Beef, the meat of the cow, has been the subject of political and religious controversies in India for several centuries.
It acquires special significance on the occasion of Eid al-Adha, the three-day feast of sacrifice being marked in India this year from 13 September. Generally speaking, Muslims in Arab and African countries do not sacrifice cows on this occasion. However, it appears that Islamic clerics of India introduced the practice of sacrificing cows for varying reasons: One, it is less expensive to purchase and sacrifice cows; and two, it created an Islamic challenge to the Hindu religious practice of revering cows.
On 12 September 12, journalist Tavleen Singh tweeted:
Most Indian Muslims do not eat beef. It is never used in biryani.
— Tavleen Singh (@tavleen_singh) September 12, 2016
Her observation is probably because she interacts with rich Muslims who avoid eating beef. However, assuming that a majority of roughly 180 million Muslims do not eat beef, her tweet still means that 90 million Muslims eat beef. Since Muslims are required to sacrifice an animal on Eid al-Adha to commemorate Prophet Abraham's offer to sacrifice his son, cows are available at a cheaper cost than other animals.
There is another reason. Unlike small animals, like goats, that count as one sacrifice on Eid al-Adha, big animals like cows and camels are counted as seven sacrifices and costs are shared by seven persons. Since camels are not easily available, cows are preferred by poor Muslims. But it is incorrect to say that beef is not used in biryani.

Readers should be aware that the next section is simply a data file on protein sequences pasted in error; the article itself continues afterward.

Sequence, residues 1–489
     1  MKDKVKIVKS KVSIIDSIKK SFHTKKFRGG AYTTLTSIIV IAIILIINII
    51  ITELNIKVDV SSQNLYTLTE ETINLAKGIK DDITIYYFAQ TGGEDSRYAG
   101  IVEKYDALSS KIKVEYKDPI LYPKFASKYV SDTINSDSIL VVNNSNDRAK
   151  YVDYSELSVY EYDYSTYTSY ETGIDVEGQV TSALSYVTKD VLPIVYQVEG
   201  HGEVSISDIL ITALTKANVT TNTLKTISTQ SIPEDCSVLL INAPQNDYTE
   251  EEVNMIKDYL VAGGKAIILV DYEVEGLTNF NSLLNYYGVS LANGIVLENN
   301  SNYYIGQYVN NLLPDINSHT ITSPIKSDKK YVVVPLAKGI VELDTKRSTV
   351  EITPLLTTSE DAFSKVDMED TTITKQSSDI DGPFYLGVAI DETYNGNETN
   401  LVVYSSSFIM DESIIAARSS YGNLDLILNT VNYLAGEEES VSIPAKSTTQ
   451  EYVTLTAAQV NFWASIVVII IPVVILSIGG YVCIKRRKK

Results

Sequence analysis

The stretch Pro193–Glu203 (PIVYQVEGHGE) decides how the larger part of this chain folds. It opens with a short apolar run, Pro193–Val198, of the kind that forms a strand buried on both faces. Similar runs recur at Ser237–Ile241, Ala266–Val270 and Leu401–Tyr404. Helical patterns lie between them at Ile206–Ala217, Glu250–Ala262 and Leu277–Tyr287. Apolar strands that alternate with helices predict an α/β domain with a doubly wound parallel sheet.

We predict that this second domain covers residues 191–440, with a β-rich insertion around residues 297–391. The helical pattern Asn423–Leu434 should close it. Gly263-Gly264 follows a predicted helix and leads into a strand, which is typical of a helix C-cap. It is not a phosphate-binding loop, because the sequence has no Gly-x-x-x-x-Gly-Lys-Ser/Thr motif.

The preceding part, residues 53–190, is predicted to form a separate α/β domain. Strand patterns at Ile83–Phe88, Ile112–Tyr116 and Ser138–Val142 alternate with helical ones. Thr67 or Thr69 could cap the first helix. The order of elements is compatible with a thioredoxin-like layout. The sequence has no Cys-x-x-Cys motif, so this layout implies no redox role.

Equally, it is true that Hindus, both of lower and upper castes, in many parts of India do eat beef. Nevertheless, Hindu religious sensibilities involving cows have led to riots and controversies, the last major one being the murder of Akhlaq Ahmad by an enraged mob at Dadri, near Delhi. Over the past year, gau rakshaks (cow vigilantes) have beaten up people engaged in transporting cows and beef. One of the reasons beef has become a political issue is also because the cow vigilantes form the support base of the Bharatiya Janata Party.
On 6 August, Prime Minister Narendra Modi berated the gau rakshaks saying, "I get so angry at those who are into the gau rakshak business. A gau bhakt (cow devotee) is different, gau seva (cow protection) is different. I have seen that some people are into criminal activity all night and wear the garb of gau rakshaks in the day." However, the beef controversies are not going to disappear. This is because a bulk of Indians have revered cows for centuries and will continue to do so.
It was due to such religious sentiments that Emperor Akbar (reigned from 1556 to 1605 CE), perhaps the first Indian ruler to introduce religious neutrality in the state policy, banned the sacrifice of cows. However, Emperor Akbar was severely criticised by Sheikh Ahmad Sirhindi, the greatest Islamic scholar of his era. Sirhindi, who is described as Mujaddid Alif Sani (the Reviver of the Second Millennium), asked the emperor as to why Muslims couldn't eat beef under a Muslim government.
In September 2015, Pakistani Marxists launched an Urdu magazine called Fikr-e-Nau (New Thinking) under the editorship of Shadab Murtaza and Tahir Murtaza. The magazine carried an essay — 'The politics and economics of cow slaughter' by Sartaj Khan — that explored the issue of cow slaughter and argued that in the lands comprising Pakistan today, cow slaughter was brought by Islamist organisations arriving there from India after 1947.